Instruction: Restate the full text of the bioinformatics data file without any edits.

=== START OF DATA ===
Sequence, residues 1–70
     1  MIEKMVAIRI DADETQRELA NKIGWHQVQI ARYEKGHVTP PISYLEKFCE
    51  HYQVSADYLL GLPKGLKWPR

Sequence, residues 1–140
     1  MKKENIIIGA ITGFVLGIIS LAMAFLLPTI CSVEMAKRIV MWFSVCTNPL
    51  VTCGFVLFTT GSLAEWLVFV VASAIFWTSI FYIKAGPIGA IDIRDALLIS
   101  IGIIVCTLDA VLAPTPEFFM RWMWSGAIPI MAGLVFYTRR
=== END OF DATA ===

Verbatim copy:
Sequence, residues 1–70
     1  MIEKMVAIRI DADETQRELA NKIGWHQVQI ARYEKGHVTP PISYLEKFCE
    51  HYQVSADYLL GLPKGLKWPR

Sequence, residues 1–140
     1  MKKENIIIGA ITGFVLGIIS LAMAFLLPTI CSVEMAKRIV MWFSVCTNPL
    51  VTCGFVLFTT GSLAEWLVFV VASAIFWTSI FYIKAGPIGA IDIRDALLIS
   101  IGIIVCTLDA VLAPTPEFFM RWMWSGAIPI MAGLVFYTRR